No Chancellor has "done less to engage with Parliament", shadow Chancellor George Osborne told the Politics Show on Sunday in denouncing Gordon Brown's record on spin and media manipulation.
He said: "I can't think of a Chancellor who has done less to engage with parliament, who has employed more spin doctors and who for example most recently in the budget, did everything he could to present his budget as a tax cutting budget, when of course it turned out, almost immediately, once you looked at the fine print that it was a tax con."
He also declared himself unimpressed with reports in the Sunday papers that Mr Brown wants to build 100,000 environmentally friendly homes: "If you look at Gordon Brown's record as chancellor, we are building less houses each year than were built under the Conservative government, indeed for the first time in modern British history the number of home owners is falling.
"So you first of all look at the record and then you look at the actual announcement today and you discover, lo and behold, that the same announcement was made a year ago by Yvette Cooper, the housing minister."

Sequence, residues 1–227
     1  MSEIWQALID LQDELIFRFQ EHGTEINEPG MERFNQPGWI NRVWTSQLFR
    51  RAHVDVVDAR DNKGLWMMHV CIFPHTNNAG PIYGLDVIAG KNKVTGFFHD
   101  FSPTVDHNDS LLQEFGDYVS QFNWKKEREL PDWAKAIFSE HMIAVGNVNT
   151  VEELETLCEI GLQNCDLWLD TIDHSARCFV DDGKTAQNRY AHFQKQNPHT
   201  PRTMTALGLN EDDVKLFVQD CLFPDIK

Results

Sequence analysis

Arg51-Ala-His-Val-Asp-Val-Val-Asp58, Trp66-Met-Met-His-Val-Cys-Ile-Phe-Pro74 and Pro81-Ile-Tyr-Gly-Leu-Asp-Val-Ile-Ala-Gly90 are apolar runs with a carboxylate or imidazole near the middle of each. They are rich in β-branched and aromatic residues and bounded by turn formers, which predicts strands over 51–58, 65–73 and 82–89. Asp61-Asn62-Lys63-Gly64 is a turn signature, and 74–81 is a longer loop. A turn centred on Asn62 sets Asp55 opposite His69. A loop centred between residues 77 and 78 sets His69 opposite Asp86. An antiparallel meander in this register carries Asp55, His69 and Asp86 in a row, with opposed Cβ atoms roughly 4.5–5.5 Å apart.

Mr Osborne said that Mr Brown bore his share of responsibility for all the Labour government's shortcomings:
He continued: "These have not been the Blair years, these have been the Blair-Brown years."
Gordon Brown may face a left-wing challenge for the Labour leadership from either Michael Meacher or John McDonnell.
They have pledged that only one of them will challenge the Chancellor, and John McDonnell told Jon Sopel he was confident the left could muster enough votes: "We've had the first meeting, and we now know that between us we've got more than we need.
"So on Monday we'll then decide who's got the most and whoever's got the most will then go forward, the other person will drop out and encourage their supporters to endorse the other candidate."
Mr McDonnell was asked if he felt he should call an immediate election if he won - given that it would signal a sharp change of direction: "My view is like this," he said, "I think there needs to be a period of time in which you can demonstrate what you're doing and what you want to do, and then go to the electorate yourself."
And he felt the same would apply to Gordon Brown: "I think the same argument does apply. That's a reasonable period of time where people can judge you on your record in office itself and I think that's what people will want."
The Politics Show Sunday 13 March 2007 at 12.00pm on BBC One.
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